Half a kilo of ground pork and chopped vegetables were mixed with spices and seasonings for the wonton filling. After wrapping, the wontons were dropped into boiling bone broth and cooked just until done. Broth and dumplings were ladled into bowls with steaming hot noodles then we sat down to a meal of wonton noodle soup. Deliciously filling and warming!
After sundown yesterday, Alex remarked that it was cold. It was. And it will get colder as Christmas draws near. Not snowy cold, of course. We don’t get snow in the tropics. Well, unless you count Jon Snow.
We’ve been having a Game of Thrones marathon for weeks. As I write this, in the next room, Missandei is asking Jon why his name is Snow but his father’s name was Ned Stark. Speedy, I think, is on round four of the never-ending marathon.
And we’re all just savoring the weather. Cool enough to do chores around the house without feeling like fainting in the heat or humidity, or both.
I’ve started clearing the living room and dining room to make space for whatever Christmas things the girls may feel like putting up. Speedy has begun installing new wallpaper which, hopefully, will make the house brighter so we can have better lighting for food photos and videos.
We’re getting more ambitious with our cooking too. No more quickies that allow us to be in and out of the kitchen in minutes. It is more than okay to make pots of bone broth without turning the entire house into an oven. It is definitely my favorite time of the year — the season for steaming hot soups and chunky stews.
I don’t recall exactly why I decided that we were going to have wonton noodle soup yesterday. My original plan was a thick squash soup. I was going to drizzle sour cream on top and make it look like a spider’s web. You know, Halloween style. But the Asian in me won. I was craving comfort food and wonton noodle soup with bone broth was going to satisfy that craving.
In terms of producing new content for the blog, well, there is a recipe for wonton soup in the archive but none for wonton noodle soup. There’s also a dumpling recipe, a step-by-step illustration of how to wrap and fold wontons and a very detailed guide on making bone broth. All I’d need was take some kickass photos, refer to the relevant posts in the archive and, presto! Should be an easy day.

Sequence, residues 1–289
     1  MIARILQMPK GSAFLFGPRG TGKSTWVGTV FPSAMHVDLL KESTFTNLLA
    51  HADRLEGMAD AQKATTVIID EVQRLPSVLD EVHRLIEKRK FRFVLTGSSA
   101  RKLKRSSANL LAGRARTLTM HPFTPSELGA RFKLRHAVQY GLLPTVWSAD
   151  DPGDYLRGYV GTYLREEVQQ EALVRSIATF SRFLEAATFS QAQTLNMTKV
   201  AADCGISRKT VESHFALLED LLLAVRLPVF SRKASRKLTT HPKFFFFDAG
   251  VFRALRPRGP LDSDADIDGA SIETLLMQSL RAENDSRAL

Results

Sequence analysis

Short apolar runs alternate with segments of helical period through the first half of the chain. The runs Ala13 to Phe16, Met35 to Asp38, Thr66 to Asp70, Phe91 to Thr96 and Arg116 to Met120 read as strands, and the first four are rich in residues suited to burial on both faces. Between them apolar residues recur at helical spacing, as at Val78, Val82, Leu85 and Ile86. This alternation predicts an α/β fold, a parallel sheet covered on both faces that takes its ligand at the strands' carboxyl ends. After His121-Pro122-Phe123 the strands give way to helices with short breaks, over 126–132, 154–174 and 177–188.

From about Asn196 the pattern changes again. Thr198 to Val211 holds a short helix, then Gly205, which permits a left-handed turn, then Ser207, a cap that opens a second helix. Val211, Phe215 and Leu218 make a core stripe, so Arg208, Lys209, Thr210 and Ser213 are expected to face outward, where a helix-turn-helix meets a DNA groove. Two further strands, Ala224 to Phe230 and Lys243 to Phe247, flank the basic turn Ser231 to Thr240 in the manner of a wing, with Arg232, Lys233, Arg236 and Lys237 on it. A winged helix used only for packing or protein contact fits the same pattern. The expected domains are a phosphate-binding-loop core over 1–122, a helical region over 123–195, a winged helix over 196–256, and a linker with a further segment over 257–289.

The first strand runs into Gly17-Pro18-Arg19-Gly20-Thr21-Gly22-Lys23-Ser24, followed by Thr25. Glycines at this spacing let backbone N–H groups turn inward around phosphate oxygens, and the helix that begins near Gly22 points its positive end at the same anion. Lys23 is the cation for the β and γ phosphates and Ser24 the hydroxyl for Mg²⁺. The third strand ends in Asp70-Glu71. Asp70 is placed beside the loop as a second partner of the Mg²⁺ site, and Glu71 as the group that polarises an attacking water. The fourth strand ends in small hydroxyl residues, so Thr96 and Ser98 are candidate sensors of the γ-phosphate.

As it turned out, it was even easier. After I put the browned pork bones in the pot to make broth, Alex was hanging around in the kitchen with that bored look on her face. She baked savory muffins the other night, delivered them to her customer early yesterday morning and “I’m bored; I want to cook something!” was written all over her face.
So, I asked. “Do you want to do the wontons?”
“Is that okay?” she wondered.
“Sure,” I said. “I’ll just assemble the wonton noodle soup and take photos.” All that was left for me to do was point her to the wonton wrapping tutorial in the archive. Isn’t life grand? Like having my cake and eat it too.
Wonton Noodle Soup With Bone Broth
There are enough wontons here to feed more than a dozen people. Use the appropriate amount of noodles and broth to feed everyone. The amounts given below are for three people.
Make the dumpling filling (the link leads to the recipe).
Separate the wonton wrappers and make the wontons (the link leads to the full instructions).
While making the wontons, start heating the bone broth. You need it to be boiling gently by the time you're done wrapping and folding. Set the heat to low so that it reaches the desired temperature at about the same time that the dumplings are done.
With the bone broth boiling gently, drop the wontons into the pot. Do this in batches so that the temperature of the broth does not drop too much. A dozen or so wontons at a time. Twenty, if your pot is large and you have plenty of broth. The idea is to NOT overcrowd the pot so that the wontons cook without touching one another. You really don't want them to stick to each other. Stir gently once in a while.
Cook for about five to seven minutes depending on the size of the wontons. Do not allow them to cook for too long to prevent the wrappers from breaking.
Meanwhile, divide the noodles into individual bowls.
Scoop out the wontons and drop into the bowl of noodles.
Ladle hot broth over the noodles and wontons. Garnish with your preferred greens and enjoy your wonton noodle soup.
If you can't consume all 50 wontons (we definitely couldn't), don't cook them all at once.
Place the uncooked wontons in a tray lined with non-stick paper or silicone mat, sprinkle with cornstarch and freeze.
When the wontons are frozen, remove them from the tray and transfer to a resealable bag.
That's the trick so they won't stick to one another. When you want to cook a few wontons, you can easily pick out the number you need from the bag and return the rest back into the freezer.
Frozen wontons will keep for about two weeks.